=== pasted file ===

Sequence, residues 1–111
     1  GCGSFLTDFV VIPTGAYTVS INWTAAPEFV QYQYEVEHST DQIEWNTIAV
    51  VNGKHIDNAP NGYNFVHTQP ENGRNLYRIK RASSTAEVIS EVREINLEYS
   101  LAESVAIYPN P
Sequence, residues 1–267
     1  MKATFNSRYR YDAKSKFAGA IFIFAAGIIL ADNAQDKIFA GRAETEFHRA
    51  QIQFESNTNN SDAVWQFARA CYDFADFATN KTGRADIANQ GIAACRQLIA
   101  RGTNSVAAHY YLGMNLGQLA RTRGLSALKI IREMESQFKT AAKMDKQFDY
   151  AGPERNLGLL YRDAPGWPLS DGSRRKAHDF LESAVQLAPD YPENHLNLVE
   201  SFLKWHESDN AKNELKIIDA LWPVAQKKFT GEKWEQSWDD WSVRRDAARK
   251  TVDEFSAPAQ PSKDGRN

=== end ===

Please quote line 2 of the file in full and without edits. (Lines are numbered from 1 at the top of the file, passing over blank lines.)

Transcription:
     1  GCGSFLTDFV VIPTGAYTVS INWTAAPEFV QYQYEVEHST DQIEWNTIAV